The Association between Patient-Centered Attributes of Care and Patient Satisfaction

  • Hyojung Tak
  • Gregory W. Ruhnke
  • Ya-Chen Tina Shih
Original Research Article


Background and objective

Little is known about the attributes of care that most strongly impact satisfaction in real-world settings where patients’ limited medical knowledge may restrict their ability to ascertain the true quality of care. We therefore examined the association between patient-centered attributes of physician care (thoroughness, explanation, and listening), in-office waiting time, and patient satisfaction.


We used the Community Tracking Study Household Survey, a US nationally representative dataset (n = 71,594). Using logistic regression models, we analyzed the association between patient ratings of care attributes and patient satisfaction for the total sample and by subgroups, according to health status, physician type, and visit type.


Patients’ perception of excellent or very good care attributes was strongly associated with being very satisfied with care received (thoroughness of care, odds ratio [OR] 2.64, 95 % confidence interval [CI] 2.31–3.02; listening, OR 2.04, 95 % CI 1.77–2.36; explanation, OR 1.63, 95 % CI 1.42–1.86), as was a waiting time of ≤10 min (OR 1.50, 95 % CI 1.39–1.63). The effect magnitude of thoroughness on satisfaction is particularly strong relative to high-quality listening and explanation among respondents in poor health, and for whom the most recent office visit was to see a generalist or for curative care.


Thoroughness of care was the strongest determinant of patient satisfaction, followed by physician listening and explanation. Especially with patients’ improved access to current medical information, it is important for physicians to recognize that excellent communication cannot serve as a substitute for high-quality, thorough care.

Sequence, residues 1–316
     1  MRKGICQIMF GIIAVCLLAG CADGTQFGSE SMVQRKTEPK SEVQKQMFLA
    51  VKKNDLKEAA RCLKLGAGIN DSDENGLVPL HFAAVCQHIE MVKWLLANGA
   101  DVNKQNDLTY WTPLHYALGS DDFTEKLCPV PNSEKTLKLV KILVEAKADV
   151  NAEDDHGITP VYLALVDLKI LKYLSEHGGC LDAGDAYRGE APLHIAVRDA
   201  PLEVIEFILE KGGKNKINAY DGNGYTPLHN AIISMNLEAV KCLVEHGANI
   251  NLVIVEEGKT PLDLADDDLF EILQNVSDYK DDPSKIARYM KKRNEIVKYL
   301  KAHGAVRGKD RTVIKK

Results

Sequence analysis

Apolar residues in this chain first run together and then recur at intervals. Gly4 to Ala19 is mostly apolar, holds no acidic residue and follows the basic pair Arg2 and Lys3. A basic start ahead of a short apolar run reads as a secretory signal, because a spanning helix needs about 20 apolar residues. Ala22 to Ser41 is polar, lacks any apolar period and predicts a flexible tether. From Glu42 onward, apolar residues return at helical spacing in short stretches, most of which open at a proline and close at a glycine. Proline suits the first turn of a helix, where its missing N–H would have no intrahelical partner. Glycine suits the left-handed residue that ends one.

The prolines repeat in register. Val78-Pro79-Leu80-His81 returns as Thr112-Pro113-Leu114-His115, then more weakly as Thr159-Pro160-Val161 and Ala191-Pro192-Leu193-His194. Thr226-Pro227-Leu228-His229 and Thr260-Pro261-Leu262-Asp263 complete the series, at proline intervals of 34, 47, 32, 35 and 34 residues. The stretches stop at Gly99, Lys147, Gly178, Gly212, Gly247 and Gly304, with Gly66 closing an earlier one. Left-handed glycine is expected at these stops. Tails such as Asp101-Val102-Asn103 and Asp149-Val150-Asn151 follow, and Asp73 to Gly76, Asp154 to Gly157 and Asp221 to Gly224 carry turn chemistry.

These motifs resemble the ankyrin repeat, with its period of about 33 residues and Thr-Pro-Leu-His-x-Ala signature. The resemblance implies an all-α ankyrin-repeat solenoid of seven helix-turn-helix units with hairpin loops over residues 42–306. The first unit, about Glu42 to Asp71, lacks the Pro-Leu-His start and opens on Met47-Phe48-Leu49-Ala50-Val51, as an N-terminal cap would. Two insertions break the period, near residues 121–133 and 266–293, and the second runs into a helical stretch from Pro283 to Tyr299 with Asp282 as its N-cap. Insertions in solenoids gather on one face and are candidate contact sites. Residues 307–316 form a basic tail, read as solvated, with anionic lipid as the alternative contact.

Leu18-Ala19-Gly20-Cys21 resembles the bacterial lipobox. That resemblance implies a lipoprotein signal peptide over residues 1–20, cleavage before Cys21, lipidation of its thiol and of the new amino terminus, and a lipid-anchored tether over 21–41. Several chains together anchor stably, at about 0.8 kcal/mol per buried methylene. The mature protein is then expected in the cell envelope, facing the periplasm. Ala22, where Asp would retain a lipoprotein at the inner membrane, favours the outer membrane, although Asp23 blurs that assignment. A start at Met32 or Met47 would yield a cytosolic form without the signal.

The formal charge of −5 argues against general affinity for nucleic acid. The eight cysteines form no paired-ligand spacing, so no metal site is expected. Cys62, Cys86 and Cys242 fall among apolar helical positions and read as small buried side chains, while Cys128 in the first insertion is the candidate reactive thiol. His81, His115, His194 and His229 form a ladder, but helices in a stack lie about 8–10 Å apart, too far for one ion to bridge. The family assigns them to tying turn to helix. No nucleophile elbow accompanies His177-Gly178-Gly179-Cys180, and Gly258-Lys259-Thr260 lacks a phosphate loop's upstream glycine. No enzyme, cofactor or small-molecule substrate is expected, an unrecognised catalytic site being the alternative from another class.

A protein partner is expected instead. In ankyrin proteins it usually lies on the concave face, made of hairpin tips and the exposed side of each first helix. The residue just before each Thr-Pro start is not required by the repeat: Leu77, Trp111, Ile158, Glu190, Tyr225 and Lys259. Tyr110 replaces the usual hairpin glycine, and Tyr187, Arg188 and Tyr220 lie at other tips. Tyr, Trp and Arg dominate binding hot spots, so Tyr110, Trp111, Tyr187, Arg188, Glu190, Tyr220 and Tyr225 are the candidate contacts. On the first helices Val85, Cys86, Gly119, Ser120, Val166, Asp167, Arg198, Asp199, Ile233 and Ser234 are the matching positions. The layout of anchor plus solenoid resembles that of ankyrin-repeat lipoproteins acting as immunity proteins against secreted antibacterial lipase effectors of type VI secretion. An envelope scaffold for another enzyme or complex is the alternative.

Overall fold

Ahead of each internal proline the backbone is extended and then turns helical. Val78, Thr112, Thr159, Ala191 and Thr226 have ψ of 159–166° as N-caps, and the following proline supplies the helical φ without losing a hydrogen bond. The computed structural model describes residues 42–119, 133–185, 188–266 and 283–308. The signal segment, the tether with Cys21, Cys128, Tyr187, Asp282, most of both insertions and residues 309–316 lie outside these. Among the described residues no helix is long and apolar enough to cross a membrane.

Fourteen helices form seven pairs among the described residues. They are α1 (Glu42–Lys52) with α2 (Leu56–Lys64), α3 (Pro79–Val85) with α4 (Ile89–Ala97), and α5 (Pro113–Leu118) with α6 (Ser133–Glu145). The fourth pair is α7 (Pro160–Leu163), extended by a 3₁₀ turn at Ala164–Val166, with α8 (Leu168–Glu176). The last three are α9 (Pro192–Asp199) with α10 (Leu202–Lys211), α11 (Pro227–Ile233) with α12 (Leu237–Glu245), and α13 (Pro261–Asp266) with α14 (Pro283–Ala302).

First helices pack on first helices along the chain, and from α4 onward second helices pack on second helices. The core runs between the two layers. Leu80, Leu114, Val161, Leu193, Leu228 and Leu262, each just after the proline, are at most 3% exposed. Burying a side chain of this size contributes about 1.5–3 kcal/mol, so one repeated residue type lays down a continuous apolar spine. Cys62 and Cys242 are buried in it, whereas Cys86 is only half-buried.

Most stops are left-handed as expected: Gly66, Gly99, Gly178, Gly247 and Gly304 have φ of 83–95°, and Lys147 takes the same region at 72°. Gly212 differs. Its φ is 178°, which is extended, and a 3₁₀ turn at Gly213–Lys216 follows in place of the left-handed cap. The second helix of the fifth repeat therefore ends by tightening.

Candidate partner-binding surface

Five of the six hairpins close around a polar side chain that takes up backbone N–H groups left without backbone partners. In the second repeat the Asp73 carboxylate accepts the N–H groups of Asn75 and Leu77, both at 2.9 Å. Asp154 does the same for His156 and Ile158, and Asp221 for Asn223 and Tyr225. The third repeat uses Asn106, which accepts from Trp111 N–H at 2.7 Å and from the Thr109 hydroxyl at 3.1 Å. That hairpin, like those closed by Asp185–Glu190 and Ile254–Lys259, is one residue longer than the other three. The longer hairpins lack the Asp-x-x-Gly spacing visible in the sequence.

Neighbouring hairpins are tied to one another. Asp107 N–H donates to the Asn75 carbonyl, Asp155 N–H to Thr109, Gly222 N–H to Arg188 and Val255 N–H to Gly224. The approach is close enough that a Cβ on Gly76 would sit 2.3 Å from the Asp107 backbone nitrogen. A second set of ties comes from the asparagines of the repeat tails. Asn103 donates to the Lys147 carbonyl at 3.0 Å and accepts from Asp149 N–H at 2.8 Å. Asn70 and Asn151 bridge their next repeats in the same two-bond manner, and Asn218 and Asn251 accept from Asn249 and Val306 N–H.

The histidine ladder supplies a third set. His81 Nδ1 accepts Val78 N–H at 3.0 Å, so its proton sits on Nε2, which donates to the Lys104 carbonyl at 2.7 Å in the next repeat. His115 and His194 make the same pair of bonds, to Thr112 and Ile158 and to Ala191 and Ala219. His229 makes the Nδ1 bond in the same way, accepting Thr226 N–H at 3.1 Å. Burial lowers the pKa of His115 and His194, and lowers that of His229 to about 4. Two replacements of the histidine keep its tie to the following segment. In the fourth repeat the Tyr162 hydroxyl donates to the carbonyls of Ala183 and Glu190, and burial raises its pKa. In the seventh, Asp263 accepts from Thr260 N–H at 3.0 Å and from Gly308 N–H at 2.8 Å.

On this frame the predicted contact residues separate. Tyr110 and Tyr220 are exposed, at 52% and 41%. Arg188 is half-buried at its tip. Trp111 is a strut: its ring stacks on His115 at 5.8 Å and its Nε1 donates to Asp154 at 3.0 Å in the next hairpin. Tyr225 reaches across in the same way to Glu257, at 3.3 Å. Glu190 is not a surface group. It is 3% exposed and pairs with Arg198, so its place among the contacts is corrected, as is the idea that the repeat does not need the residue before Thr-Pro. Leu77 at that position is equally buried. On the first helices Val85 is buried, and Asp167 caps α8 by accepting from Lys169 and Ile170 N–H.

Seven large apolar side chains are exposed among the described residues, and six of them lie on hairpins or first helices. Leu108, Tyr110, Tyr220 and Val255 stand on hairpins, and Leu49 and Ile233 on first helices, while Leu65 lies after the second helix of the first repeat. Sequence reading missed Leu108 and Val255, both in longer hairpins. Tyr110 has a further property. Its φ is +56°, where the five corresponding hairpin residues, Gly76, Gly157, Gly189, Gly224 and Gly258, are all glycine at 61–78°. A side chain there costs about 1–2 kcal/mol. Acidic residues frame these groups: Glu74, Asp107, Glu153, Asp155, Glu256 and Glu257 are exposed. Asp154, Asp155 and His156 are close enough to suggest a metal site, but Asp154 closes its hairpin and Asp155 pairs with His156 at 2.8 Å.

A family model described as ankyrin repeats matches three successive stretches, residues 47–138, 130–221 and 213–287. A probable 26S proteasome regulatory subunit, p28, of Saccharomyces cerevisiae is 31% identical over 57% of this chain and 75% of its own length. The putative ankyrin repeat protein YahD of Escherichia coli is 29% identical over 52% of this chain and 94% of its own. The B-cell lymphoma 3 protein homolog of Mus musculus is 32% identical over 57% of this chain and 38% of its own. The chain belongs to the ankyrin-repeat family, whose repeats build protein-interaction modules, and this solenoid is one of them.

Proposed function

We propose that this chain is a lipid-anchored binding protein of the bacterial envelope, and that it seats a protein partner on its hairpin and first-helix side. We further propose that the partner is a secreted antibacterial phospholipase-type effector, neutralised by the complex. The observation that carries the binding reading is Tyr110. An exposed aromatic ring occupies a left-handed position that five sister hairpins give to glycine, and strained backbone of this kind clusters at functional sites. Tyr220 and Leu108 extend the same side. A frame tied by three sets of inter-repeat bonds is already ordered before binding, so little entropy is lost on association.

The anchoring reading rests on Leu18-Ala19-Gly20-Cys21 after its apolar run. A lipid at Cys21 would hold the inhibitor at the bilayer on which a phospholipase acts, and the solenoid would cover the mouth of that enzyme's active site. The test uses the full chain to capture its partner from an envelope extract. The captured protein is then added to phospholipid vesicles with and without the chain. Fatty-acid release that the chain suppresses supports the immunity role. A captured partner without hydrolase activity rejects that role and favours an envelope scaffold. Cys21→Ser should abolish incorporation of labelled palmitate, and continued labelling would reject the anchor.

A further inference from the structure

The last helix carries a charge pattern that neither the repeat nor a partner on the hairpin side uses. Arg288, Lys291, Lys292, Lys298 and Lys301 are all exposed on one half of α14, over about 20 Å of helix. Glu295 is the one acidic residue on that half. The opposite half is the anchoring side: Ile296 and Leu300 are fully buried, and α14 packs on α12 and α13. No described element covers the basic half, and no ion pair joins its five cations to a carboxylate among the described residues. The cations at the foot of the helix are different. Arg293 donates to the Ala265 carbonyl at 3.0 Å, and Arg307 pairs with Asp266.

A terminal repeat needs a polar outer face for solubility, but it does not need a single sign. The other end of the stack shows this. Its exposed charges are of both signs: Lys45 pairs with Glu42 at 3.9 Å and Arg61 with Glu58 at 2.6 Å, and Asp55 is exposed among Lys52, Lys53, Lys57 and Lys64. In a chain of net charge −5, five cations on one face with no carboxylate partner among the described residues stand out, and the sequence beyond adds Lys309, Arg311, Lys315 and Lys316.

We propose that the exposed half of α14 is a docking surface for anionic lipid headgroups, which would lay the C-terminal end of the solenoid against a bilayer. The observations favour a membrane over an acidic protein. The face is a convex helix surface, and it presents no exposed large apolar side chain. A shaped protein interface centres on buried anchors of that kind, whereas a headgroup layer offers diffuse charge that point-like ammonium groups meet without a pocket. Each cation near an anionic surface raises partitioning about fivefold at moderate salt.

Dr. Tak had full access to all of the data in the study and takes responsibility for the integrity of the data and the accuracy of the data analysis. Drs. Tak, Ruhnke, and Shih have all made significant contributions in developing the hypotheses, designing and performing the empirical analysis, and writing and revising the manuscript. All the authors have approved the final manuscript and attest to the validity and legitimacy of the data, as well as its interpretation.

Conflict of interest

The authors declare no conflicts of interest that are directly relevant to this manuscript, including financial interests, activities, relationships, and affiliations with organizations or entities.


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Copyright information

© Springer International Publishing Switzerland 2014

Authors and Affiliations

  • Hyojung Tak
    • 1
  • Gregory W. Ruhnke
    • 2
  • Ya-Chen Tina Shih
    • 2
  1. 1.Department of Health Management and PolicyUniversity of North Texas Health Science CenterFort WorthUSA
  2. 2.Section of Hospital Medicine, Department of MedicineUniversity of ChicagoChicagoUSA

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